5 Stars Out Of 5
Two Perfect Gifts from God in Unusual Packages
November 3, 2013
Catherine Campbell and her loving family received not one, but two perfect gifts from God. Oh, others may have difficulty understanding this, but it is true. You see, Catherine and her husband Phillip had two daughters born with microcephaly, a disability that results when the brain stops growing. Together with middle brother, Paul, and family, friends, and devoted teams of medical personnel, they cared for and loved their two precious daughters, Cheryl and Joy, until they both went home to Jesus in their early teens.
In this extremely personal book, Catherine Campbell shows us how to love as Christ loves, by allowing us a glimpse into her family life. Through exhaustion, tears, laughter and faith, Catherine and Phillip cared for their daughters, and raised a precocious boy in Northern Ireland. Cheryl and Joy never walked, never talked, and never lifted their heads. Their daily medical and physical challenges would have been overwhelming if Catherine and her family were not daily strengthened by God's grace. Through it all, one theme is clear - Cheryl and Joy touched so many people in a beautiful and life-changing way. Cheryl and Joy's presence in the Campbell's life indeed had worth and a purpose. Their lives changed Catherine's understanding of her reason for living, from a life of grief-stricken soul-searching, to a life of walking with God in faith. In her endearing candor, Catherine admits she will not fully understand His promises until she gets to Heaven herself, and stands above the rainbow. That is what Catherine's faith looks like. It's messy, and it hurts. But it is real faith. Refiner's faith.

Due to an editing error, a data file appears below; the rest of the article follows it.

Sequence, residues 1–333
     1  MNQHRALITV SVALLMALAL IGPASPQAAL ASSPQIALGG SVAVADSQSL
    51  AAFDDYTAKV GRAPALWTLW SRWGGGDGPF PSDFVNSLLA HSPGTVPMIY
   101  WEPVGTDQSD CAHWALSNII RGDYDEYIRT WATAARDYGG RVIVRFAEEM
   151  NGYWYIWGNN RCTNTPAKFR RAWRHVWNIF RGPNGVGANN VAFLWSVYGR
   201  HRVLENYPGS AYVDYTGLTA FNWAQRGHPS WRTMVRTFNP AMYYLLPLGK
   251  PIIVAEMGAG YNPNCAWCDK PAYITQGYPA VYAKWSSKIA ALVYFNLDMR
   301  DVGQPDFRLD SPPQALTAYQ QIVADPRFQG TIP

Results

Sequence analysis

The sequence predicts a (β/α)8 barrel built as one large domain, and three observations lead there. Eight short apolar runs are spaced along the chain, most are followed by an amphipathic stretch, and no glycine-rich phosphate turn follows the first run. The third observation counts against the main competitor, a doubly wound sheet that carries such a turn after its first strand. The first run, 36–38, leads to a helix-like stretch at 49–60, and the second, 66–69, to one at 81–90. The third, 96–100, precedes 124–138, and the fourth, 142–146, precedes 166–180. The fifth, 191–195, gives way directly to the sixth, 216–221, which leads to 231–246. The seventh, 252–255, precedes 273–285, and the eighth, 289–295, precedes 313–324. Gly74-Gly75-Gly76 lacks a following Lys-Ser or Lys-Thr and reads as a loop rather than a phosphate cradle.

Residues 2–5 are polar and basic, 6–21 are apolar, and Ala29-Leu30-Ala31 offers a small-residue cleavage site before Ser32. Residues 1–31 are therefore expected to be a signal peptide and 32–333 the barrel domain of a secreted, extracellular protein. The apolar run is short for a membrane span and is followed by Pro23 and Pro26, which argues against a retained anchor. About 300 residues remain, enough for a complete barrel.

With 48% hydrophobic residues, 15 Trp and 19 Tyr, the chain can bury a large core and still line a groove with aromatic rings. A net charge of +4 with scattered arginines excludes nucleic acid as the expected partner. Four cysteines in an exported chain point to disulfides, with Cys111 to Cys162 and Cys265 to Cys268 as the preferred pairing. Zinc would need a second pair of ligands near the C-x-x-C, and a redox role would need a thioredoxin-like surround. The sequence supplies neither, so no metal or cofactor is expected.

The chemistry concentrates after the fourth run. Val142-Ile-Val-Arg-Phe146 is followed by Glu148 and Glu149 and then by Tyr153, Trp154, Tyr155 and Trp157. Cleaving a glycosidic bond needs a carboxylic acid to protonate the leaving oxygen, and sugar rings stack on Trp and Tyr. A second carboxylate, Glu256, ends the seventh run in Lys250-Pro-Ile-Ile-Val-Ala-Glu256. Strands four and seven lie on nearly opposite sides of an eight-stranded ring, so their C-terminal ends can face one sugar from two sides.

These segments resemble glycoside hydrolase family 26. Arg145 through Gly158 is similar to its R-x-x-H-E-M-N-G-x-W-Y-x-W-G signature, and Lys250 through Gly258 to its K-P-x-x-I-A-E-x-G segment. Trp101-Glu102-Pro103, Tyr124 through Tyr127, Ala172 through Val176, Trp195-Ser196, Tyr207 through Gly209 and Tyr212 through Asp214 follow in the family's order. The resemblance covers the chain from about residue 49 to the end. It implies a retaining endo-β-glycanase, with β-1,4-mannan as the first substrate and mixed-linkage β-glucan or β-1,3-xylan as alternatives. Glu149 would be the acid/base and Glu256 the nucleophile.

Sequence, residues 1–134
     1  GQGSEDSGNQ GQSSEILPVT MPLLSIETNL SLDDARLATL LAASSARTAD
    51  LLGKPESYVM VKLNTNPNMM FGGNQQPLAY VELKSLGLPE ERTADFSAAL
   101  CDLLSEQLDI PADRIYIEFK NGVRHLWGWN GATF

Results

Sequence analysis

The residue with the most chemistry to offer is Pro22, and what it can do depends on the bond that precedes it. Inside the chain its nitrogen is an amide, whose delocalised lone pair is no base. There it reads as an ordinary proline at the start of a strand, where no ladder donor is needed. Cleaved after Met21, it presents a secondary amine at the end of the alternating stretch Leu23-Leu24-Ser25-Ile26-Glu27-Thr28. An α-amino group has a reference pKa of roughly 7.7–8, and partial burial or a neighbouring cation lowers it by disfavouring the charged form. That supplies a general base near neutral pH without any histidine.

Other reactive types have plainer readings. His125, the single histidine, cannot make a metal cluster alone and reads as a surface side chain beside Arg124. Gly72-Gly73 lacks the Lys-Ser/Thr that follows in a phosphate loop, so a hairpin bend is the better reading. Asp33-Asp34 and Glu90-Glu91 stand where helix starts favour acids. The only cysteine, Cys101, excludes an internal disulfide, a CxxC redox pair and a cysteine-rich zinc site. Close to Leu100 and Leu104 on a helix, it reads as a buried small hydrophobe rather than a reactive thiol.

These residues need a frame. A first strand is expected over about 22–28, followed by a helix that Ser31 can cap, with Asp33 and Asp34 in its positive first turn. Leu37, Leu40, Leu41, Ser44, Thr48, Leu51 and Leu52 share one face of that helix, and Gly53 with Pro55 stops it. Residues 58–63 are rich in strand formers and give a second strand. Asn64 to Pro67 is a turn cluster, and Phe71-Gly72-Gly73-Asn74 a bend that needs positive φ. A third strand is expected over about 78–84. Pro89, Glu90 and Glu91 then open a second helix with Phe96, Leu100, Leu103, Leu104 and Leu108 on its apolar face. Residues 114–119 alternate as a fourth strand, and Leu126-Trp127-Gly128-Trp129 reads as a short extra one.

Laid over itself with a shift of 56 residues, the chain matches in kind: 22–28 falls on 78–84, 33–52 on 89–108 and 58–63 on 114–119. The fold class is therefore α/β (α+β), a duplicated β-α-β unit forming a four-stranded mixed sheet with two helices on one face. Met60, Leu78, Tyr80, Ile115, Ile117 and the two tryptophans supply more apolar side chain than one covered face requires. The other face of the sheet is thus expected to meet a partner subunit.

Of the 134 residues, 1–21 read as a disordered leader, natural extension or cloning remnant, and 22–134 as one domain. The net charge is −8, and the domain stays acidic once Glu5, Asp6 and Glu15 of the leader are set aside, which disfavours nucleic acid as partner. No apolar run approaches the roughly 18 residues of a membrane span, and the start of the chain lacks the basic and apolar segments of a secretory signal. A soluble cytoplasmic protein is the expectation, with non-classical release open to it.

I read this book through tears and laughter, sometimes both occurring at the same time. I particularly liked the â€˜meals on wheels' humor of the Irish nurses. But I was particularly shocked by how some reacted to the girls' profound disability. This book shook my soul with the question why God lets bad things happen to good people. This book also wrestles with the mystery, the worth, and the Divine importance of each and every soul created by God. The answers to these questions are revealed as Catherine pours out her heart and her deepest personal thoughts for everyone to see. I am truly convinced that this story will change every person who reads it, for the good.
Catherine is a nurse by training, but she is also a very gifted writer and storyteller. Catherine's writing is truly superb. For the writing to stand out this prominently in such a tragic story is impressive. It is another of the precious gifts that God has graced upon Catherine.
I felt a familiar comfort in the way Catherine strung together her words to tell her story. I understand the Irish a bit, hailing from deep roots in Cork and Roscommon myself, but I swear I could hear the lilt in Catherine's writing, just as clear as I hear my grandmother's brogue from long ago.
There will be a joyous celebration in Heaven when Catherine and the Campbell family reunite with their beloved daughters, Cheryl and Joy. And God will surely welcome Catherine with the words, "well done, good and faithful servant."